Stony Brook Researchers Develop New Method to Measure Cerebral Blood Flow

Medical Center & Health Care

Stony Brook Researchers Develop New Method to Measure Cerebral Blood Flow
Technique gives doctors and researchers better tool for diagnosis and treatment

Professor Yingtian Pan, right, and his student Jiang You, left, and lab associate Ki Park, developed a quantitative imaging technique that shows how cocaine disrupts brain blood flow. The method may also be used to assess diseases as it can image slow capillary flow rates and distribution.

STONY BROOK, N.Y., September 15, 2014 – One thing leads to another, especially in research. When Stony Brook University School of Medicine scientists developed a new method to measure how cocaine disrupts blood flow in the brains of mice, doctors and researchers got a way to form a clearer picture of how drug abuse affects the brain. But the quantitative imaging technique can also be applied to other disease diagnoses and treatments as well, including cancer.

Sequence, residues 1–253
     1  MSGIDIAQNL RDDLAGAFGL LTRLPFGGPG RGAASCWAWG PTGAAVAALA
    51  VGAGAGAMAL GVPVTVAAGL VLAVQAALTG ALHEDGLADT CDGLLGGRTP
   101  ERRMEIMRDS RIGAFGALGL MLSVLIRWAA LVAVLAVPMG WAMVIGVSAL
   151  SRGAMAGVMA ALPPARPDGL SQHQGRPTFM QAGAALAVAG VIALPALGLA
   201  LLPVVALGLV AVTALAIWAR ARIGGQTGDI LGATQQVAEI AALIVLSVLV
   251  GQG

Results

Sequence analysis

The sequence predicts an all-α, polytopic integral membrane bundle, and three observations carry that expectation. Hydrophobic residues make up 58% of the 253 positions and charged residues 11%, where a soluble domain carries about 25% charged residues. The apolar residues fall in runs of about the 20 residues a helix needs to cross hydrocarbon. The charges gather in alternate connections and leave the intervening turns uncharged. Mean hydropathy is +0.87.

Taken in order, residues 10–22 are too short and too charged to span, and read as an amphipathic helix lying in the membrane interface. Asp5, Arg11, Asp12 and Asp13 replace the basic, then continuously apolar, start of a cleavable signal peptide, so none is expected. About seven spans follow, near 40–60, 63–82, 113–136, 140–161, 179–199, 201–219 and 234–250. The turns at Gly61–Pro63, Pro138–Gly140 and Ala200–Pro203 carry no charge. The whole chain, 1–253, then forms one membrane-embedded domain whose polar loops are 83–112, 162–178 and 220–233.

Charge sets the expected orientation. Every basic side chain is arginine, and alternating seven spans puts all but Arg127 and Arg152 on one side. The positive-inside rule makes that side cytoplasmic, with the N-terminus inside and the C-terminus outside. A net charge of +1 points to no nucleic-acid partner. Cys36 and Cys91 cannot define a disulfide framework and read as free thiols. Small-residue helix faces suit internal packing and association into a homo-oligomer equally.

Department of Biomedical Engineering Professor Yingtian Pan, PhD, and his team published their findings in The Optical Society’s (OSA) open-access journal Biomedical Optics Express. The paper,
Optical coherence Doppler tomography for quantitative cerebral blood flow imaging
, describes a technique that focuses a Ti:Sapphire laser on the mouse brain cortex and collects and analyzes the reflected light. These findings are also highlighted in the current issue of
Neuroscience News
“Using ultrahigh-resolution optical coherence Doppler tomography, developed in our lab via advances in hardware and image processing, we can show neurovascular toxicity elicited by cocaine,” says Pan. “We can visualize, in animal models, the micro and regional ischemic effects [deficiency of blood flow] to the cerebral microvascular networks.”
What’s critical is the ability to measure both cerebral blood flow speeds inside tiny blood vessels and the larger network effects. “We show that quantitative flow imaging can provide a lot of useful physiological and functional information that we haven’t had access to before,” Dr. Pan says.

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